11 April 2012
Imagine. You’ve just reached home after a long day at work. You take off your shoes, place them neatly against the wall, change into loungewear and sink into the couch. Your eyes are weary so you dim the lights and turn on the television. Time passes by and you remain unmoved . Your skin seems attached to the fabric of the couch, the TV is low, creating a soft rumble to sleep to, accompanied by a faint glow in the darkening room. You’re fading in and out, your eyelids are beginning to fall to the modesty of the screen, and then as you’re about to fall asle GUESS WHAT YELLOW!! A commercial comes on flashing bright yellow! Your eyelids clasp tightly together, straining to hide from the light. You’re awake again, uncomfortable, and in pain. That’s light pollution. Or maybe you remember that one conversation where your friend bombarded you with talk of nature and how it’s better than the city? They went on and on about the hustle and bustle of city life and its inferiority to the nice quiet life of the forest and country. Before writing them off as weird, think about it. Was what they were saying really strange? Remember visiting that place devoid of skyscrapers and lights, and what they said: “smell the fresh air, feel that breeze, listen. Look at the stars. You don’t see that in the city, do you?” Whether or not they’re weird is up to you, but they were definitely on to something. Do you really see all those stars in the city? No. Why? Light pollution.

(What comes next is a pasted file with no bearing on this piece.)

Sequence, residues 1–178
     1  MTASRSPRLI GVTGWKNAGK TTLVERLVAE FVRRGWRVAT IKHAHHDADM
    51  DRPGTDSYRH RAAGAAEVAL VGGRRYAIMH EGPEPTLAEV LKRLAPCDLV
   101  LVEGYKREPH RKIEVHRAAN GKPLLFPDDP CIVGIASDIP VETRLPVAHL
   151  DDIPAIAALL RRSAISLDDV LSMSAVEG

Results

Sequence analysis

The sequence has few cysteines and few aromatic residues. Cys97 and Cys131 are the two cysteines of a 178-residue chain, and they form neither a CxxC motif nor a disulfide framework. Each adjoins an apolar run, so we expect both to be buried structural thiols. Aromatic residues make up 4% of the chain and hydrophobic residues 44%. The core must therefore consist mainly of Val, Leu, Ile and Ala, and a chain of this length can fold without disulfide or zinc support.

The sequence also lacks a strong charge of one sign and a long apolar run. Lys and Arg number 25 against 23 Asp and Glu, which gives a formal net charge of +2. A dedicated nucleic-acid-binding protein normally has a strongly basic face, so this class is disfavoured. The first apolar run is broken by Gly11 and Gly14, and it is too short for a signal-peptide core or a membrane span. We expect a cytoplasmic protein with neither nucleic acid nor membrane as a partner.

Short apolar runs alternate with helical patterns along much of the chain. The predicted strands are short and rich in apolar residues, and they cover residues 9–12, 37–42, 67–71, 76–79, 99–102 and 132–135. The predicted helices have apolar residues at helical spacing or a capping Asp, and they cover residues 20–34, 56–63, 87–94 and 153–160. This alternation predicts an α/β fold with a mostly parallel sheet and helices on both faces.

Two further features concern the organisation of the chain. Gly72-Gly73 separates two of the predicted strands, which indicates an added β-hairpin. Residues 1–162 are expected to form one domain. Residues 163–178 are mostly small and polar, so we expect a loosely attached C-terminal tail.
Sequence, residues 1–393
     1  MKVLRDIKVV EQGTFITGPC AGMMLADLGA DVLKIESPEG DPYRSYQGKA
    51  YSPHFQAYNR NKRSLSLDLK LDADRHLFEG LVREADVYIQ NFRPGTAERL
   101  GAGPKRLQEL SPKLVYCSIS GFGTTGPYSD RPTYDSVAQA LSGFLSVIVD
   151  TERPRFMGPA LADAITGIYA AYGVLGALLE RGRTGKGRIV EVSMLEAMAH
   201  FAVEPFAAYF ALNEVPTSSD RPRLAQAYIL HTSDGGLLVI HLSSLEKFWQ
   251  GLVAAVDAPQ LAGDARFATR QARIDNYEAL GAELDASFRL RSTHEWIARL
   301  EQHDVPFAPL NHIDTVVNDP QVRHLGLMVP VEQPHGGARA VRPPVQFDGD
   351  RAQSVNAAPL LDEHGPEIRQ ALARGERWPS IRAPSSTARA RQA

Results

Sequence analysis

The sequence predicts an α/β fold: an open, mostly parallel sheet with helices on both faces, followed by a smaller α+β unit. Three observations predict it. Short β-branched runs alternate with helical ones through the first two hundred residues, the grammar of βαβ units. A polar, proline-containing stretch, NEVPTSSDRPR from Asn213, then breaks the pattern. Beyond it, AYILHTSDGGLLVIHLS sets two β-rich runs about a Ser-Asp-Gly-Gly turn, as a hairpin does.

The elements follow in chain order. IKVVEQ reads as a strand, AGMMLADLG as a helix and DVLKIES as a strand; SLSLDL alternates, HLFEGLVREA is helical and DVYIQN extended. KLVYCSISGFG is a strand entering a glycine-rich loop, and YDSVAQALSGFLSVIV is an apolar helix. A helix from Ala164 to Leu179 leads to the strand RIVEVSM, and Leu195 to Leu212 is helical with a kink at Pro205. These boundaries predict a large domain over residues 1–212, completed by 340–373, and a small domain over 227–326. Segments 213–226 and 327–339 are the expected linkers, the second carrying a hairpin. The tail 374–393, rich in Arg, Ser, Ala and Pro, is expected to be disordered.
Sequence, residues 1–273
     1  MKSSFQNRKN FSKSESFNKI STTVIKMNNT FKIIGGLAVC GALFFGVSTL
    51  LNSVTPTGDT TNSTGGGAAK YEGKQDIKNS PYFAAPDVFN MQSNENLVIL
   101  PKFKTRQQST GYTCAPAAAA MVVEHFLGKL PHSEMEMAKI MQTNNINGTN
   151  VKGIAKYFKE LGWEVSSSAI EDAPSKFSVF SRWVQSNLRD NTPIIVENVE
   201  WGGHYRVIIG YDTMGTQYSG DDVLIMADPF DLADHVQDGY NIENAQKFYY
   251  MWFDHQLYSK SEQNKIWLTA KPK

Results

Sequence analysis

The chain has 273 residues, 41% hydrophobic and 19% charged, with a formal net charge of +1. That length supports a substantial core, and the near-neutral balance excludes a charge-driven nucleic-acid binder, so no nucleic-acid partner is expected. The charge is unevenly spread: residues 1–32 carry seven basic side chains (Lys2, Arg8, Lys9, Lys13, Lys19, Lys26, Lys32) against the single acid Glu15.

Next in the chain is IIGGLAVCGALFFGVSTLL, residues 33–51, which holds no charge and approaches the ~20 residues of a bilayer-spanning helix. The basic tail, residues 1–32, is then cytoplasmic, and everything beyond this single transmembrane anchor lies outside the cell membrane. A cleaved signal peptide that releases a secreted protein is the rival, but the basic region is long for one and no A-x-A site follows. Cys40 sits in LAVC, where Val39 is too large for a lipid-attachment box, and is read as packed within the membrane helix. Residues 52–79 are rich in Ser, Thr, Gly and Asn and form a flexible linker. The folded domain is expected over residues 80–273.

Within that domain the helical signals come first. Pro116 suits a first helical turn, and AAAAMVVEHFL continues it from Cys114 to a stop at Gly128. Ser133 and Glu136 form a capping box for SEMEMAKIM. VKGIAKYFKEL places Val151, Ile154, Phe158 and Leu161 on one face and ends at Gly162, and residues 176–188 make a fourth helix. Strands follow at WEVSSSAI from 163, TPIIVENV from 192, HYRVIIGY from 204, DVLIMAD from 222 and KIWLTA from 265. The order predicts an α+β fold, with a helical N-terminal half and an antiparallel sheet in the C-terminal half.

Have you ever been on vacation to a nice sunny place, with beautiful weather? You’re down south, walking down the beach boardwalk, enjoying yourself when you stumble upon a sea turtle belly up at your feet. It can’t be any older than a few days, yet it lies there unmoving. Its skin scorched by the sun and scathed by the sand. The turtle, newborn and unaware, headed out for the ocean following that bright light meant to guide it